Stop whining and get with The Progromme

Stop whining and get with The Progromme

Friday, July 18, 2008

Electrical Risks at Bases in Iraq Worse Than Previously Said

This story has been developing for some time now. KBR is contracted by the government to provide basic services including housing and electrical for our troops in Iraq. They are making money hand over fist but are unable to keep up with the workload. KBR has resorted to subcontracting with unskilled Iraqi workers, payig them only a few dollars a day. There is ample evidence that KBR was aware of the electrical problems at Radwaniya Palace Complex, near Baghdad’s airport, where Sergeant Maseth died. On January 2, 2008, Staff Sergeant Ryan Maseth was electrocuted while taking a shower in his living quarters. The system was not properly grounded. 12 other soldiers have also been electrocuted since 2003.

Maseth's mother says she pressed the military for answers, eventually uncovering more details about her son's electrocution. The surging current left burn marks across his body, even singeing his hair. Army reports show that he probably suffered a long, painful death.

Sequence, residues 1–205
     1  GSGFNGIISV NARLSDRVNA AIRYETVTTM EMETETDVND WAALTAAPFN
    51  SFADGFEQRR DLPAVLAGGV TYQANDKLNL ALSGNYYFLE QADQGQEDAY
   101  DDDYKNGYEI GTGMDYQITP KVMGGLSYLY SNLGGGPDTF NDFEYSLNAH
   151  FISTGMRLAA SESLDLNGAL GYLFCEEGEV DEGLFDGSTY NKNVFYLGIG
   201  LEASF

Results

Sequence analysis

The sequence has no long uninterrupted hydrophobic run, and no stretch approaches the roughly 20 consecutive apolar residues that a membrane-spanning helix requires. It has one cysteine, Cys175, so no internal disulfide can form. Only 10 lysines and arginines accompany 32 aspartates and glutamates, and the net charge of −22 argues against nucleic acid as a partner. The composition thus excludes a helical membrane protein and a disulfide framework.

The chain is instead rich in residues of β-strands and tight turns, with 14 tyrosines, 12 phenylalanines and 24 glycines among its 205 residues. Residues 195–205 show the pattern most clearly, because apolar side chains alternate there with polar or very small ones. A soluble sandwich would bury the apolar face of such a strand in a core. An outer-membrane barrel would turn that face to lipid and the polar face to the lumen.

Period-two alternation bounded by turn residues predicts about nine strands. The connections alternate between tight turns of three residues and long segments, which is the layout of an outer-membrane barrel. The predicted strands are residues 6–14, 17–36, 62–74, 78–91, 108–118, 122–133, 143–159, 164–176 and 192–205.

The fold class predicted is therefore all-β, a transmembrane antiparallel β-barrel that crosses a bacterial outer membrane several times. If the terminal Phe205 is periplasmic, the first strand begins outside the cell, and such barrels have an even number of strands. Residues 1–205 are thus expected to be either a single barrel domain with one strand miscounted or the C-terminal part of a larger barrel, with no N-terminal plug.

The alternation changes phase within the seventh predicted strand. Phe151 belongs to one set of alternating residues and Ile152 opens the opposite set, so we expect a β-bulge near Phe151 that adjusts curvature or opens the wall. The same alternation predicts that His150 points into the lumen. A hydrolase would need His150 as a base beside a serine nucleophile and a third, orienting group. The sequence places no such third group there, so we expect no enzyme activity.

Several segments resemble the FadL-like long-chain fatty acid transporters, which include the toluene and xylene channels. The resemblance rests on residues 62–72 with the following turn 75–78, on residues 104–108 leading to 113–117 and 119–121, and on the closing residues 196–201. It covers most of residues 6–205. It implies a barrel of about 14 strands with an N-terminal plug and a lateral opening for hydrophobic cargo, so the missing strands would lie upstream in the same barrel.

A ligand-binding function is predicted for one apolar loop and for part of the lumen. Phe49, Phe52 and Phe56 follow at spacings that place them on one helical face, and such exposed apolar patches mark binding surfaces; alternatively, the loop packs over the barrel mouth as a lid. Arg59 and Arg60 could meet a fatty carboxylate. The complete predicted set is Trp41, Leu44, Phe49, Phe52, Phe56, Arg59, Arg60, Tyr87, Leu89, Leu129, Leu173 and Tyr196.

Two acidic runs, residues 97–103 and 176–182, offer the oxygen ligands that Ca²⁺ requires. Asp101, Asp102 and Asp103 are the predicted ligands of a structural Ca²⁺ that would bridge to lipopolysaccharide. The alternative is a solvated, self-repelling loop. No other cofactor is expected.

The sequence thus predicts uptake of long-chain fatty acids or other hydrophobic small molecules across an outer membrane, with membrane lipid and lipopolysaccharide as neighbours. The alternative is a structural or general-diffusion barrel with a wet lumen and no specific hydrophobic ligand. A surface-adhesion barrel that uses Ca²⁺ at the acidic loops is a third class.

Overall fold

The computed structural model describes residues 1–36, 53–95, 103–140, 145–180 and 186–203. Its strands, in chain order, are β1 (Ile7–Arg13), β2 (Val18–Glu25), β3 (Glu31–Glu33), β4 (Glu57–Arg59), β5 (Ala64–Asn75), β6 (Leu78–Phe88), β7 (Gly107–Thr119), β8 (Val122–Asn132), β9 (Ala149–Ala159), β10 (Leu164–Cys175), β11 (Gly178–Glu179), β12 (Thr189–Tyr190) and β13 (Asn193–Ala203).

Fellow soldiers had to break down the door to help, said Patrick Cavanaugh, an attorney for Maseth's parents.
"When they kicked down the door, they smelled burning hair, and they rushed over, saw Sgt. Maseth lying there unconscious, and one of the rescuers himself was shocked electrically and sustained a fairly good jolt because the water and the pipes were still electrified," Cavanaugh said.


Who is KBR anyways. Kellog, Brown and Root. They are also a subsidiary of the infamous Halliburton.

The New York Times

July 18, 2008

WASHINGTON — Shoddy electrical work by private contractors on United States military bases in Iraq is widespread and dangerous, causing more deaths and injuries from fires and shocks than the Pentagon has acknowledged, according to internal Army documents.
During just one six-month period — August 2006 through January 2007 — at least 283 electrical fires destroyed or damaged American military facilities in Iraq, including the military’s largest dining hall in the country, documents obtained by The New York Times show. Two soldiers died in an electrical fire at their base near Tikrit in 2006, the records note, while another was injured while jumping from a burning guard tower in May 2007.
And while the Pentagon has previously reported that 13 Americans have been electrocuted in Iraq, many more have been injured, some seriously, by shocks, according to the documents. A log compiled earlier this year at one building complex in Baghdad disclosed that soldiers complained of receiving electrical shocks in their living quarters on an almost daily basis.

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